6

EU Warns Against New 'Walls' As Hungary Plans Fence On Serbia Border
Why is it so? After all, other EU countries have such fences on their external borders (e.g. Ceuta and Melilla) and I haven't heard of any objections from the European Commission. Does EU actually want to have illegal immigrants, as opposed to ones that have been verified as refugees? It makes no sense to me.

8
  • 5
    The European Commission did object to various aspects of the way Spain manages its border at Ceuta and Melilla so your assumption is unwarranted. – Relaxed Sep 6 '15 at 11:46
  • 1
    I see objections to beating and other such things, but no objections to building a fence. – michau Sep 6 '15 at 11:49
  • 1
    The distinction is fuzzier than it seems but note that in many cases the people trying to cross the border with Spain weren't perceived as asylum seekers, just as regular migrants. Syrians cannot be deported and really do have a right to seek asylum and see their application examined, which is why it's an even thornier problem. – Relaxed Sep 6 '15 at 12:17
  • 1
    No but the fact is that they were unhappy with the way Spain handled it. The Commission primarily objected to even more egregious problems but that's a detail. And it also shows that even a fence much higher and stronger than what Hungary plans still wasn't enough. – Relaxed Sep 6 '15 at 12:46
  • 1
    A fence equally stops genuine refugees and economic migrants. – gerrit Sep 9 '15 at 18:11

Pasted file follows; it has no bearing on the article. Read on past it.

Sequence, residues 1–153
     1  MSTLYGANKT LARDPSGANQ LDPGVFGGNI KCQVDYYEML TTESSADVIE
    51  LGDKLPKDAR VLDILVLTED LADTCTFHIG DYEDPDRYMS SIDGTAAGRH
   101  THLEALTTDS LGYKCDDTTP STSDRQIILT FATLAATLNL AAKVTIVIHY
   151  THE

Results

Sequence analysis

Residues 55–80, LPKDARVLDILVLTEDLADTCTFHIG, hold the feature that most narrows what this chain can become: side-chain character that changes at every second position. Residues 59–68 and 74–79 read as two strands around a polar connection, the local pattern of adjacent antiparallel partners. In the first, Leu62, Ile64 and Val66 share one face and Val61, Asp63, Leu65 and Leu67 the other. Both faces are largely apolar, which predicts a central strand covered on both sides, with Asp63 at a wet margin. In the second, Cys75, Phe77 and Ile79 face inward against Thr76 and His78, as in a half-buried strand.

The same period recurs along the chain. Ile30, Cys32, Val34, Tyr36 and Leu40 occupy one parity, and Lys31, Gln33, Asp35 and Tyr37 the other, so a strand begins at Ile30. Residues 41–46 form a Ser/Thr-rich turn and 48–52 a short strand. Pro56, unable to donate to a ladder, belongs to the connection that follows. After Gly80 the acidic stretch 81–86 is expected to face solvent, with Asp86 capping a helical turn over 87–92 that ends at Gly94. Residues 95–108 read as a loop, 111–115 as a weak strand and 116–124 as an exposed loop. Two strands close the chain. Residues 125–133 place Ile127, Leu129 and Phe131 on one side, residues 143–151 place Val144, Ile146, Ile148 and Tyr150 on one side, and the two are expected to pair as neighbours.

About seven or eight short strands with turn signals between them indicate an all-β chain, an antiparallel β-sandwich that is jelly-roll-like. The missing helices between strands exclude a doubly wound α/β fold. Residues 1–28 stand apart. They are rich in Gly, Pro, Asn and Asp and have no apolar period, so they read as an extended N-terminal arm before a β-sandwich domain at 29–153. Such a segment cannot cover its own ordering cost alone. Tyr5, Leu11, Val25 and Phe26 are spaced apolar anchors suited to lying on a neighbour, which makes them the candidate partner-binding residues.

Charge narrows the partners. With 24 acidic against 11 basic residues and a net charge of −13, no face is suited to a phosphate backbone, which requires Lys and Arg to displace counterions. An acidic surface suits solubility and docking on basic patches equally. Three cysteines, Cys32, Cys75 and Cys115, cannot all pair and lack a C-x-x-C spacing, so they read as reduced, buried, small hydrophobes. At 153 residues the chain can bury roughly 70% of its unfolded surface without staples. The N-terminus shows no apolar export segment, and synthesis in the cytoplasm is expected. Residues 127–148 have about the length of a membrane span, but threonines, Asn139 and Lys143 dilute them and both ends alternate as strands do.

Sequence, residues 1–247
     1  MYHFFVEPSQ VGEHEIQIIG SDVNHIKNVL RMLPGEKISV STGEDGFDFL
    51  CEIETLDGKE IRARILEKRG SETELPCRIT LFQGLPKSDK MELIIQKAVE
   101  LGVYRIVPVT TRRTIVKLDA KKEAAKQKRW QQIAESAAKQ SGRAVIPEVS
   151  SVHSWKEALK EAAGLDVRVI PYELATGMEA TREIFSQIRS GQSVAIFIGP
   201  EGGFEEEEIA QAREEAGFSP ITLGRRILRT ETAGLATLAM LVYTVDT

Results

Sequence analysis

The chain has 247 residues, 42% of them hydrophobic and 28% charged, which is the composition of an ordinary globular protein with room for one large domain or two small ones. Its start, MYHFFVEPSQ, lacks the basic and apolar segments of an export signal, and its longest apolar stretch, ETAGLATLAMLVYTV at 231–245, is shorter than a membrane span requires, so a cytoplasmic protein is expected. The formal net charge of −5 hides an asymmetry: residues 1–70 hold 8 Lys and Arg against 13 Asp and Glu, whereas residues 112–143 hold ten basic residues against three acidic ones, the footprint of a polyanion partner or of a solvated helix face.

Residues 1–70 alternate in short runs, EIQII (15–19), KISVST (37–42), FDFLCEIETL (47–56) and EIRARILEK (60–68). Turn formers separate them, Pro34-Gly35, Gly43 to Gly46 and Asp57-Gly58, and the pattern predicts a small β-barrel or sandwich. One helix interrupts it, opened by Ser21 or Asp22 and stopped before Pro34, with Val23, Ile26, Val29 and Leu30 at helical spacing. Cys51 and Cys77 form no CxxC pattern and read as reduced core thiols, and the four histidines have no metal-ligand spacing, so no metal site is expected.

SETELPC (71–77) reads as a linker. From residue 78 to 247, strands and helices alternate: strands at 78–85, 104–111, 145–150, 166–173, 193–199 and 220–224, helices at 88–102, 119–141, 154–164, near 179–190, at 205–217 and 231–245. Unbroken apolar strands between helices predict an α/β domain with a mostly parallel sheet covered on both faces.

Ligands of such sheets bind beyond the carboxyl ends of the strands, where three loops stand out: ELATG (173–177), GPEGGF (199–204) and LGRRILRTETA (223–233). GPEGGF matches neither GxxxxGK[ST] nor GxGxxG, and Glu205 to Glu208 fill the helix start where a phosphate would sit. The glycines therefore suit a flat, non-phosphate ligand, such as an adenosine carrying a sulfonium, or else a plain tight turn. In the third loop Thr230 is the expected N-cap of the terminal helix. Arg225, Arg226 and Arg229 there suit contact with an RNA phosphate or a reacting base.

12

You can find a clue in a quote in the article you linked to:

“Any measure taken by EU member states to manage their borders and to deal with migratory flows has to be fully in line with EU laws and international obligations, including the respect of migrants' human rights and respect of the principle of nonrefoulement”

Basically, the main reason is that it looks very ugly, a bit like a new iron curtain, pushing back people who actually come from a country at war and really are refugees.

Importantly, the distinction between legal and illegal immigration isn't particularly useful to understand what's going on, especially when it comes to refugees/asylum seekers. For that's not how refugee law works. You first have to admit potential asylum seekers into the country to examine their application (which usually takes several months). International and EU law clearly specifies that a refugee cannot be punished for entering or staying in a country unlawfully. And they still have the right to see their application evaluated in any case.